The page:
Background: Hypercortisolism has been implicated in the development of venous thromboembolic events (VTE). We aimed to characterize VTE risk in endogenous Cushing's syndrome (CS) patients, compare that risk to other pathologies, and determine if there are any associated coagulation factor changes. Methods: Medline and Scopus search for “hypercortisolism” and “thromboembolic disease” from January 1980 to April 2017 to include studies that reported VTE rates and/or coagulation profile of CS patients. A systematic review and meta-analysis were performed. Results: Forty-eight studies met inclusion criteria. There were 7,142 CS patients, average age was 42 years and 77.7% female. Odds ratio of spontaneous VTE in CS is 17.82 (95%CI 15.24-20.85, p < 0.00001) when comparing to a healthy population. For CS patients undergoing surgery, the odds ratio (both with / without anticoagulation) of spontaneous VTE is 0.26 (95%CI 0.07-0.11, p < 0.00001)/0.34 (0.19-0.36, p < 0.00001) when compared to patients undergoing hip fracture surgery who were not treated with anticoagulants. Coagulation profiles in patients with CS showed statistically significant differences compared to controls, as reflected by increases in von Willebrand factor (180.11 vs. 112.53 IU/dL, p < 0.01), as well as decreases in activated partial thromboplastin time (aPTT; 26.91 vs. 30.65, p < 0.001) and increases in factor VIII (169 vs. 137 IU/dL, p < 0.05). Conclusion: CS is associated with significantly increased VTE odds vs. general population, but lower than in patients undergoing major orthopedic surgery. Although exact timing, type, and dose of anticoagulation medication remains to be established, clinicians might consider monitoring vWF, PTT, and factor VIII when evaluating CS patients and balance advantages of thromboprophylaxis with risk of bleeding.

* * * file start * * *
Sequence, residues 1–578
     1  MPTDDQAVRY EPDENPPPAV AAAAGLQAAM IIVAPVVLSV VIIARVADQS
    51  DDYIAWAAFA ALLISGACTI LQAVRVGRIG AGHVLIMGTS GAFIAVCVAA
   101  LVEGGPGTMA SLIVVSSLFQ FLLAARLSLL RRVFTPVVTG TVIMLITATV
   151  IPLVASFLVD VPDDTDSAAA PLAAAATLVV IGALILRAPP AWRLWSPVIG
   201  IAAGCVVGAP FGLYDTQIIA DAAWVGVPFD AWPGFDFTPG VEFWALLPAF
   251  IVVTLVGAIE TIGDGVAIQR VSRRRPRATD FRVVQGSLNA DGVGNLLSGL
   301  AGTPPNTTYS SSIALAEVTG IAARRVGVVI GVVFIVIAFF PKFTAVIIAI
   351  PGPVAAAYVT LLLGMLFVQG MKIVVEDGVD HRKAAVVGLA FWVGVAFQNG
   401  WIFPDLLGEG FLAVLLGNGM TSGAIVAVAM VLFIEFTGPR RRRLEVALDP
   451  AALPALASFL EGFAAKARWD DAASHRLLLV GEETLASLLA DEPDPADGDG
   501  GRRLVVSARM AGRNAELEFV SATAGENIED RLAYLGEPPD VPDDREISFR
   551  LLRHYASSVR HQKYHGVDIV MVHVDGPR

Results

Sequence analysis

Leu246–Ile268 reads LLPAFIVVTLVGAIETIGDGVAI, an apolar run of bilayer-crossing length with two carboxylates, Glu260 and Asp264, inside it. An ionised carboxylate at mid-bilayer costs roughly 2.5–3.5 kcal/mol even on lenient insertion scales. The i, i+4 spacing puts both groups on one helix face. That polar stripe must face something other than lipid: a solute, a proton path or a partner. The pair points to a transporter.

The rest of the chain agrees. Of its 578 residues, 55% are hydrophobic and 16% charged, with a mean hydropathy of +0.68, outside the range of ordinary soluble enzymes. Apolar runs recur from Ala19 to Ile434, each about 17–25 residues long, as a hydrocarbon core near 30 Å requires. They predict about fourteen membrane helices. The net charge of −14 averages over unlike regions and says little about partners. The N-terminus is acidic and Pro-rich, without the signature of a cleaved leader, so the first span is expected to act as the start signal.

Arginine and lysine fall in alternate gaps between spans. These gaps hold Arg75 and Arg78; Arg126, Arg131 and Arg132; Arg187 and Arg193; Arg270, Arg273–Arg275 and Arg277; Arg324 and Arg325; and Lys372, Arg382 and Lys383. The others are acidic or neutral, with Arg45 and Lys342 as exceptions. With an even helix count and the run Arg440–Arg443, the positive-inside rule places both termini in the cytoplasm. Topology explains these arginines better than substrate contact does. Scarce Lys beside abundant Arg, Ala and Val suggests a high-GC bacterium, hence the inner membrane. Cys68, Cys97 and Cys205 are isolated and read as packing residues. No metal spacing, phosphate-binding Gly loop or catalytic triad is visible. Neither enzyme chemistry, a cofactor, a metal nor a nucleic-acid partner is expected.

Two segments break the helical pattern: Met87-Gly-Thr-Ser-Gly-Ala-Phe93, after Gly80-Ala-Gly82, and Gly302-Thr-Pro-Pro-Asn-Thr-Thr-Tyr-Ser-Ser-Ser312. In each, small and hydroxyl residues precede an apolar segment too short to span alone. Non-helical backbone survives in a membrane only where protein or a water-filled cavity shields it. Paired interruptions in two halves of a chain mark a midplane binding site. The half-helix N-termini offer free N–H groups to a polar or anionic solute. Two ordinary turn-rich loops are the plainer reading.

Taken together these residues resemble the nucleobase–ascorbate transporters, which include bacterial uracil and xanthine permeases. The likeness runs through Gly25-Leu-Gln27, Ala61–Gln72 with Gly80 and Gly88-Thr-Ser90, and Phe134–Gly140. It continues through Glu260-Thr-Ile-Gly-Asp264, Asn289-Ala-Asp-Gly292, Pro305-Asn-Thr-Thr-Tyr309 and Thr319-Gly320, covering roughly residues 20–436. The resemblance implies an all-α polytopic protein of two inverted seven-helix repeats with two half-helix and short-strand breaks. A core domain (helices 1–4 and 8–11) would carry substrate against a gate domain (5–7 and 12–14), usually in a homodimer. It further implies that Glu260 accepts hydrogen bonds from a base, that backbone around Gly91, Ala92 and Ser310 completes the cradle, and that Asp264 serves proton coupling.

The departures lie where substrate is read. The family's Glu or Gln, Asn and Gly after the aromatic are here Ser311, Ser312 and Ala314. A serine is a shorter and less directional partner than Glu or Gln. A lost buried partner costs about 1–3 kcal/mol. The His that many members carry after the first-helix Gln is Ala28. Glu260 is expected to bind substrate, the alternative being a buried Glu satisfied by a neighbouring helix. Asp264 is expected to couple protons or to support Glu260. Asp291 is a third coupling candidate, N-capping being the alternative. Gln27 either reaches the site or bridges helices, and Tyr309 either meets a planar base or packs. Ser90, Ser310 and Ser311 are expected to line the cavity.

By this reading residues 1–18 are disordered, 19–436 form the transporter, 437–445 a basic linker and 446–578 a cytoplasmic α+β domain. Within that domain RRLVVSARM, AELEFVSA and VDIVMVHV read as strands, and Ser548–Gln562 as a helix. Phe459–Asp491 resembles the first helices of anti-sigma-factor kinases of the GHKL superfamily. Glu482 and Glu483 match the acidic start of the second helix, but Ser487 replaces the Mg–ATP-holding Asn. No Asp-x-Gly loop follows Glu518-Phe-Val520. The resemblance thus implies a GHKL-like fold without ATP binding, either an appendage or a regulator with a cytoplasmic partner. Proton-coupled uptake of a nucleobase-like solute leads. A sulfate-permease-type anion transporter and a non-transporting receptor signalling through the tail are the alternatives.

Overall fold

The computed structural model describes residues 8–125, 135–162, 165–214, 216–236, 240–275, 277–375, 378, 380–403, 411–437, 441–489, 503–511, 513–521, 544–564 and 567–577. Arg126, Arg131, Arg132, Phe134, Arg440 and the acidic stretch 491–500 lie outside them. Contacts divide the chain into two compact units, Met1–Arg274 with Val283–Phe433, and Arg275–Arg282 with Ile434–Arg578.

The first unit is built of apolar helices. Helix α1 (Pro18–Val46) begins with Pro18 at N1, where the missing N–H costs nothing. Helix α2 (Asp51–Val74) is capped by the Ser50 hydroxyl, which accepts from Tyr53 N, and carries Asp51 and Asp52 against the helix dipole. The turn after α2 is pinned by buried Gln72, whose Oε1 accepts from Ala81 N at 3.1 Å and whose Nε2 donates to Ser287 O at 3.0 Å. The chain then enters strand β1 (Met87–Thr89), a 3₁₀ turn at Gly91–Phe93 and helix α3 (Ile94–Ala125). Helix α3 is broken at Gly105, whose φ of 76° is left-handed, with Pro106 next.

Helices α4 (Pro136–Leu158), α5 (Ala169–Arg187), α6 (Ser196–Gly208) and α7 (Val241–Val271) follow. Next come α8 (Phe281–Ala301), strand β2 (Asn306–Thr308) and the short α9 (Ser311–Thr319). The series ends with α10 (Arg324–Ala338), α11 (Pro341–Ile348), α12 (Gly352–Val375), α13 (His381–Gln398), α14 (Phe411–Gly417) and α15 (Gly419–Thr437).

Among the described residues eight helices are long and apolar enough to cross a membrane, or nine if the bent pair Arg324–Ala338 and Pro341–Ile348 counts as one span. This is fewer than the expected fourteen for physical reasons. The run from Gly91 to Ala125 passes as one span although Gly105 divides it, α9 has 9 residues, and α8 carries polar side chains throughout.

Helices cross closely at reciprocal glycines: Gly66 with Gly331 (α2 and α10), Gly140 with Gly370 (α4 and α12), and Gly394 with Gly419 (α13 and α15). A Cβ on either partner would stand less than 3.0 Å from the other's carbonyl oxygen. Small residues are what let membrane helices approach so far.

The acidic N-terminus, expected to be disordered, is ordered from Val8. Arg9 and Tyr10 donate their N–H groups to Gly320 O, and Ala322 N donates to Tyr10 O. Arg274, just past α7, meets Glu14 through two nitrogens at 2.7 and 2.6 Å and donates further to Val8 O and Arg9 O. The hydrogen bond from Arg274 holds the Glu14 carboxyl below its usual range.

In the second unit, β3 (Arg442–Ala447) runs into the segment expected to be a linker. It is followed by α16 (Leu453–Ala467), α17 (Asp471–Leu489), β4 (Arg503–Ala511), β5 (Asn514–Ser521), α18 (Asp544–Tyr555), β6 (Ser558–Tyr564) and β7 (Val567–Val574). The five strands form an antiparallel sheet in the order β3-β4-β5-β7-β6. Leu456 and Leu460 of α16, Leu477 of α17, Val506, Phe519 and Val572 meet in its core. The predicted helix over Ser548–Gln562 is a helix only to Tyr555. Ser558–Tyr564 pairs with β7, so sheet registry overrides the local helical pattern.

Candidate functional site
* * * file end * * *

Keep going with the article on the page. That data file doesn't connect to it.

- Cushing disease
- Cushing syndrome
- Venous thromboembolism
ASJC Scopus subject areas
- Endocrinology, Diabetes and Metabolism